At a time when our news headlines are saturated with COVID-19, it could be helpful to look back at a previous disease outbreak for hints of what’s happening now.
Back in 2016, the infectious disease of the hour was Zika. Remember the Rio Olympics and fears that Olympians would be infected (there wound up being no cases linked to the Olympics). The terrifying news that in some cases the virus appeared to cause microcephaly in babies whose mothers were infected during pregnancy.
Now, a few years down the track, researchers have published a study looking at what drove people in the US to seek out more information about Zika.
Published yesterday in PLOS Computational Biology, the Italian authors used geo-located Wikipedia data to look at trends across states, matching up Zika-related searches with news coverage and the number of cases reported by the US Centers for Disease Control and Prevention.
They found two distinct peaks of Wikipedia searching: one at the beginning of February 2016 when the World Health Organization declared a Public Health Emergency of International Concern (you might recall the same declaration was made about COVID-19 at the end of January); the second in August 2016 around the time of the Rio Olympics.
These spikes in attention were similar across news coverage, which is to be expected: both the WHO announcement and the Olympics were likely to generate plenty of headlines.
What’s interesting about their findings is that Wikipedia searches weren’t linked to actual disease occurrence. You can see in the graph above that the incidence of Zika in the US rose steadily throughout the year, peaking in late August, but there was no corresponding increase in attention (as measured through Wikipedia data). Even the media coverage doesn’t correlate with the number of cases.
So how can we relate this to COVID-19? I take a few points away from this study. First – and one that we should already know – is the extent to which media coverage influences public interest in a topic. To paraphrase Allan Mazur – because I’ve just spent half an hour unsuccessfully searching for the correct reference – the media may not be able to determine what people think, but can determine what people think about.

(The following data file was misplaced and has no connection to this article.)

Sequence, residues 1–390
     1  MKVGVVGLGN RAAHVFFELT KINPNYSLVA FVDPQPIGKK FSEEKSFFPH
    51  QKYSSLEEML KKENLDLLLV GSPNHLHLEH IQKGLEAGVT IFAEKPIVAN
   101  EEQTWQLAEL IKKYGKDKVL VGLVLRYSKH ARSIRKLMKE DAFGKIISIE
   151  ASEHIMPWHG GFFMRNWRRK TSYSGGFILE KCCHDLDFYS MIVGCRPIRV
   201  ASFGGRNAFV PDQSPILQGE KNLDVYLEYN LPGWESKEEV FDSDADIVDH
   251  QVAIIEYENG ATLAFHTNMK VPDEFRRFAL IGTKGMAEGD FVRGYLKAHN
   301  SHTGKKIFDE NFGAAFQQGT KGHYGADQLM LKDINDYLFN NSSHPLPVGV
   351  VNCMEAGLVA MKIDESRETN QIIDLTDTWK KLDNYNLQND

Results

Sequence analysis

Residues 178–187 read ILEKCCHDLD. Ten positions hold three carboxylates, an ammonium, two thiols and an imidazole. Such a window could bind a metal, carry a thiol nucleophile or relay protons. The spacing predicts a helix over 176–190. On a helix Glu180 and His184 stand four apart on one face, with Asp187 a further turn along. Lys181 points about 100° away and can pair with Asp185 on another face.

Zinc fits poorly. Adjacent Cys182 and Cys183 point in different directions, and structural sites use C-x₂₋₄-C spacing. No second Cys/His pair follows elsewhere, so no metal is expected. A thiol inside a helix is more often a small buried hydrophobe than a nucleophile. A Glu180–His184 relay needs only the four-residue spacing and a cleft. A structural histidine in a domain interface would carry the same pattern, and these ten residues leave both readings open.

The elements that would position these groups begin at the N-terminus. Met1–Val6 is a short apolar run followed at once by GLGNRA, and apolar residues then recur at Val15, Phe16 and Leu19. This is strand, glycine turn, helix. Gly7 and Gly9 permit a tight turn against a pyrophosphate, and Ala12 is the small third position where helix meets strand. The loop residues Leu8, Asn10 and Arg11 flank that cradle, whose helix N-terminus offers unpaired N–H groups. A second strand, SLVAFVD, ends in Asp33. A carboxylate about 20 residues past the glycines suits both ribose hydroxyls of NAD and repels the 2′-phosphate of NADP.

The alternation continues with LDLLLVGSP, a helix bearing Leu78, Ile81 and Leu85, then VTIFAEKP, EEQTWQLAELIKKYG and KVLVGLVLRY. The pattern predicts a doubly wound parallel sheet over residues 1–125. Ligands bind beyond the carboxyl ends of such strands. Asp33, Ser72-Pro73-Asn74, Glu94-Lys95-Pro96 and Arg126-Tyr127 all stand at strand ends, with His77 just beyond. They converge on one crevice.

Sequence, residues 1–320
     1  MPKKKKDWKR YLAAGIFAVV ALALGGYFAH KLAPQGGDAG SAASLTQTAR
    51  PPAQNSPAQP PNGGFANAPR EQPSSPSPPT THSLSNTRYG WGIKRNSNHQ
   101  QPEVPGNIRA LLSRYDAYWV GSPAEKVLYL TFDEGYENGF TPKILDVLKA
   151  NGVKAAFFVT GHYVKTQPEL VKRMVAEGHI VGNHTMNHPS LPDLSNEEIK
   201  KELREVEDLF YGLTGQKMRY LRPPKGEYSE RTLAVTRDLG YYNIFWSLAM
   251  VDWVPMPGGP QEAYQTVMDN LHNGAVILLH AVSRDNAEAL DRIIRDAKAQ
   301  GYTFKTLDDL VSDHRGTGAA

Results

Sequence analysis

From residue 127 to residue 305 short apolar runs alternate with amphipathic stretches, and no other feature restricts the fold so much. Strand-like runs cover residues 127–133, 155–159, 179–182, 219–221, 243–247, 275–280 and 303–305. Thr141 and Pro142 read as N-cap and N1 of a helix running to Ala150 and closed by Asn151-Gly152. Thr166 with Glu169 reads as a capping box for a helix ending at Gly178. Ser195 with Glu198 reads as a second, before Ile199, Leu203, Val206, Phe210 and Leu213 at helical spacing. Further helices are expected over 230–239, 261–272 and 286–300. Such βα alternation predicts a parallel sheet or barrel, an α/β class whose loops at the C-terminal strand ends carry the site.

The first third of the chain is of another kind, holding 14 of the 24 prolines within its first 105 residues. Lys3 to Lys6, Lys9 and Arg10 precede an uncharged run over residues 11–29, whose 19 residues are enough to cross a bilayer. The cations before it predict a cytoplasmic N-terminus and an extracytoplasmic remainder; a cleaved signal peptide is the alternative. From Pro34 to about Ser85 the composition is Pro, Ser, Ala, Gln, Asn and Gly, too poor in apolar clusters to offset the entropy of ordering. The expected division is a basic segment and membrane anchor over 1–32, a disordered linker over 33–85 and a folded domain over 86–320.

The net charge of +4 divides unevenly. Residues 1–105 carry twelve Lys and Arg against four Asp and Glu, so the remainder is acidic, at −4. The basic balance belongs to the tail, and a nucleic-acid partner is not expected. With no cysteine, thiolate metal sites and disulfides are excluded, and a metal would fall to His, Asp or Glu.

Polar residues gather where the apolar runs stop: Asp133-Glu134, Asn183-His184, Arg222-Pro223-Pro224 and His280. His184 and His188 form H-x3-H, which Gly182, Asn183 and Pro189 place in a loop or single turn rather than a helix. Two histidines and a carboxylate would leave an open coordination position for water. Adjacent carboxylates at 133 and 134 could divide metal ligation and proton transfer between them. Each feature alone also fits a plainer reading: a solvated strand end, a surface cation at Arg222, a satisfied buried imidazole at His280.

In Aotearoa, we’ve seen an oversized reaction to the handful of confirmed COVID-19 cases. My feeling is that the media has needed to latch onto these cases to localise the global story, which could be a good thing if it leads people to seek out information such as that from Dr Siouxsie Wiles who is imploring people to prepare their pandemic plan and look after each other. However, we don’t want people becoming complacent. There is a difficult balance to be had in communicating the pandemic.
Given the role media play in sparking public interest in a topic, I think it’s more important than ever that experts are available and supported to communicate key messages to the public via the media. It can’t all rest on the shoulders of a handful of experts.
On the other hand, we should also be kind to ourselves in our media consumption. Writing on The Conversation, Griffith University’s Professor Mark Pearson offered some tips for balancing our need to know what’s happening with taking care of our mental health, including:
- Avoiding 24/7 news channels,
- Seeking out informative, long-form journalism, and
- Using primary sources where possible, such as the WHO or Ministry of Health.
It’s also essential that we interrogate where information is coming from. This is the time to tune into your inner sceptic and think before you share. Washington State University’s Mike Caufield has an excellent guide on infodemic.blog.
If there’s one takeaway from Mike’s guide make it this one: Let’s hover. Take those extra few moments to hover over hyperlinks and check where information is coming from before you shout it out in the office or click share on social media.
And as always, wash your hands, stay home if you’re feeling sick, and look out for each other.